When the shock absorber is in use, the loop at one end is connected with the fish line by having the line tied through it and the leader is tied through the loop at the other end of the shock absorber. Therefore, the shock absorber will be disposed between the fishing line and the leader carrying the hook or artificial bait. When a fish takes the bait and is caught by the hook, pull exerted by the fish in endeavoring to escape will stretch the tube and the line and leader will be relieved from strain which might cause them to break. It will thus be seen that if a fish larger than those for which the fishing line is made should take the bait danger of losing the fish due to the line breaking will be eliminated. If the tube should snap due to extra strain, the line will remain intact and loss of the fish and leader will be prevented. The fact that ends of the tube are secured between the spaced knots prevents the loops from being pulled from the tube.

Having thus described the invention, what is claimed as new is: 1

1. A shock absorber for a fishing line comprising a tube of elastic material, a line xtending through said tube in a crinkled condition, end portions of the line being formed into loops each having knots spaced from each other longitudinally of the shank, bindings compressing portions of the tube about the shanks of the loops between the knots, and ends of the tube being turned back to form sleeves enclosing the bound end portions of the tube and serving as shields for the bindings.

2 A shock absorber for a fishing line comprising a tube of elastic material, a line extending through said tube in a crinkled condition, end portions of the line being doubled and redoubled to form loops each of a multiple formation and provided with a shank consisting of a plurality of strands, the shank of each loop being formed with knots spaced from each other longitudinally of the shank, the shanks of the loops being disposed within end portions of the tube, and bindings holding the end portions of the tube tightly about the shanks between the knots, extremities of the tube being turned back over the binding to expose the outer knots and provide sleeves serving as shields for the bindings.

CARL J. HILLMAN.

Referenced by
Citing PatentFiling datePublication dateApplicantTitle
US2636237 *Apr 2, 1951Apr 28, 1953Price Nathaniel WFlexible shoelace fastener
US2749650 *May 20, 1955Jun 12, 1956Rees Vivian SWeight releaser for fish lines
US2820315 *Aug 31, 1953Jan 21, 1958Lowe Helen MFish lure
US2841911 *Apr 6, 1956Jul 8, 1958Dahlgren Roy EFishing sinker
US2974184 *Aug 19, 1958Mar 7, 1961Mather Richard JBundle conductor spacer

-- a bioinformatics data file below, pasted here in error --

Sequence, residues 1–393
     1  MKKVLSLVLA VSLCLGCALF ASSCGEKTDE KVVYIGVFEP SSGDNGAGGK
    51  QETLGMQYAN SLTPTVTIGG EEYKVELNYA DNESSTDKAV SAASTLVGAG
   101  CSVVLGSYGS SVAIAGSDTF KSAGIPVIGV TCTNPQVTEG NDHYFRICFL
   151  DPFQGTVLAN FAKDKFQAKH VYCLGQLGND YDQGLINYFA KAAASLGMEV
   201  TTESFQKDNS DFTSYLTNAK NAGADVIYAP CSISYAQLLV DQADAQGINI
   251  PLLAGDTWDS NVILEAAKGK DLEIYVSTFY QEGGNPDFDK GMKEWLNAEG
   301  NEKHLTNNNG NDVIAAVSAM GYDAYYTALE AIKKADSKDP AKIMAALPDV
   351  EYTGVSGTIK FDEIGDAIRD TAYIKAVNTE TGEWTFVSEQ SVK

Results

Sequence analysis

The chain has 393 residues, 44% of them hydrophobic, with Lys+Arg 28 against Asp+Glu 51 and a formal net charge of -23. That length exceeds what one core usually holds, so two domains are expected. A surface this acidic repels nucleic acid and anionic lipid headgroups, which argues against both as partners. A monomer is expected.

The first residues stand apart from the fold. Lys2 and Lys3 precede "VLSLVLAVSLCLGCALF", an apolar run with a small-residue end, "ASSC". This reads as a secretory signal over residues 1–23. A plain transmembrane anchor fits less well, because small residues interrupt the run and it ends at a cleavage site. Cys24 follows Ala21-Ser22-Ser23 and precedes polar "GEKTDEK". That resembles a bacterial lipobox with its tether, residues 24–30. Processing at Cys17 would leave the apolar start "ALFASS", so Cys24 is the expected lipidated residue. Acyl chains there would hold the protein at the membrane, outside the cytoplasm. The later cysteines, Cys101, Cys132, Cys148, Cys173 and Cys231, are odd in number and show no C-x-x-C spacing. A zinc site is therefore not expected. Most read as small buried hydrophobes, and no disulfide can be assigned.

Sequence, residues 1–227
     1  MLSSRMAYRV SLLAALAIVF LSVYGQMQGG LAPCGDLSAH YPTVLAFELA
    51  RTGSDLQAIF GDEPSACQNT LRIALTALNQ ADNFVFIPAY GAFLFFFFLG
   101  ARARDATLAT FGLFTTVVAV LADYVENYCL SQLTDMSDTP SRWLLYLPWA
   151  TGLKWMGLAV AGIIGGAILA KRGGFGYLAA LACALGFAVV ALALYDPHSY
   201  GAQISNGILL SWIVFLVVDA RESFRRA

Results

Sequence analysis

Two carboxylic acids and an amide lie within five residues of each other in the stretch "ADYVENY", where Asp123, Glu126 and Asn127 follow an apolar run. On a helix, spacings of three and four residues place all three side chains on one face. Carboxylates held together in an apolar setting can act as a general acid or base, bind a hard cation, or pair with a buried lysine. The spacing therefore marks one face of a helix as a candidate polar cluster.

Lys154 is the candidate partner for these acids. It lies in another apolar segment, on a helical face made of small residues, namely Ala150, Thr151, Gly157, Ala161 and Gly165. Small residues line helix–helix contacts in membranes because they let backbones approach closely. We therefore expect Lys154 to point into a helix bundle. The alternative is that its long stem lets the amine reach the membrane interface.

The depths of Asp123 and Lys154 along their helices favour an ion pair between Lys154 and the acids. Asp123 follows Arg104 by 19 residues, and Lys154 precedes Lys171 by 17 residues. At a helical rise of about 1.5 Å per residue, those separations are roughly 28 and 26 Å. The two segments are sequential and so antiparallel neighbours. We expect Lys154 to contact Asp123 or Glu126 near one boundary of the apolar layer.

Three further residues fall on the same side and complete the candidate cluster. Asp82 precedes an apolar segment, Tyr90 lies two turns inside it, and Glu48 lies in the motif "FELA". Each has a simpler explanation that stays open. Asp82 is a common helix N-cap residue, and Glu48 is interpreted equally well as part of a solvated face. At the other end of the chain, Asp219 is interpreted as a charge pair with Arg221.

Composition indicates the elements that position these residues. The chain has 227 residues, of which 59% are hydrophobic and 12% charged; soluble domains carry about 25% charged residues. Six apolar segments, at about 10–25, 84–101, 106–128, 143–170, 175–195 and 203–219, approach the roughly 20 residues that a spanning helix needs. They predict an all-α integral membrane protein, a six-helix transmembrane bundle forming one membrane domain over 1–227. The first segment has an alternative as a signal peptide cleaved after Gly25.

US2991524 *May 22, 1957Jul 11, 1961Berg Airlectro Products CoTarp hold-down strap
US3032605 *Sep 8, 1958May 1, 1962Bayerische Schrauben Und FederSpacer for electrical conductors
US3246703 *Nov 12, 1964Apr 19, 1966Erdman Victor BSelf-rotating rod weeder attachment for cultivators
US3353817 *May 26, 1965Nov 21, 1967Bollinger Harold NElastic extension device
US3654674 *Jul 28, 1970Apr 11, 1972Willard AbnerFlexible protective cover for elastic band and methods of incorporation as a part of or attaching to flexible covers, tubes, protective wear, etc.
US3776565 *Feb 19, 1971Dec 4, 1973Granville JSki safety strap
US3931656 *Jun 13, 1974Jan 13, 1976Derek Vincent ThomsonSurfboard leash
US4044415 *Apr 12, 1976Aug 30, 1977Wood Bruce GSurfboard leash
US4160563 *Nov 24, 1976Jul 10, 1979Whitney Donald SPick-up tool
US4597351 *Jun 24, 1983Jul 1, 1986Endeco-Environmental Devices Corp.Accumulator
US5083522 *May 13, 1991Jan 28, 1992Ashrow David PSwimming harness
US5823925 *Jan 6, 1995Oct 20, 1998Blodgett & Blodgett, P.C.For a person
US6012407 *Dec 18, 1998Jan 11, 2000Farley; Patrick DanielTowing apparatus
US6295943 *Dec 10, 1999Oct 2, 2001Donald O. BrushaberTowing apparatus for personal watercraft
US6678993 *Feb 20, 2002Jan 20, 2004Rodney Dale LongFishers apparatus
US7454818Jun 21, 2005Nov 25, 2008Backman Iii Carl AElastic tie down
US7571521Nov 21, 2008Aug 11, 2009Backman Iii Carl AElastic tie down
US7621070 *Jul 26, 2007Nov 24, 2009Brasseur Bernard PSnag-resistant sinker line shield
US7676984 *May 29, 2007Mar 16, 2010Rubbert MarkEnergy absorbing support for downrigger weight
US8209899 *Nov 14, 2008Jul 3, 2012Arnold Gregory KleinFlyline connecting device
US8496567 *May 30, 2008Jul 30, 2013Christophe MayaudMethod and device for adjusting the distance between two members, at least one of which is mobile, and swimming harness using the same
US20100204019 *May 30, 2008Aug 12, 2010Christophe MayaudMethod and device for adjusting the distance between two members, at least one of which is mobile, and swimming harness using the same
US20130061513 *Sep 12, 2011Mar 14, 2013John J. GrevichFishing sinker
Classifications
U.S. Classification267/69, 43/42.72
International ClassificationA01K91/00
Cooperative ClassificationA01K91/00
European ClassificationA01K91/00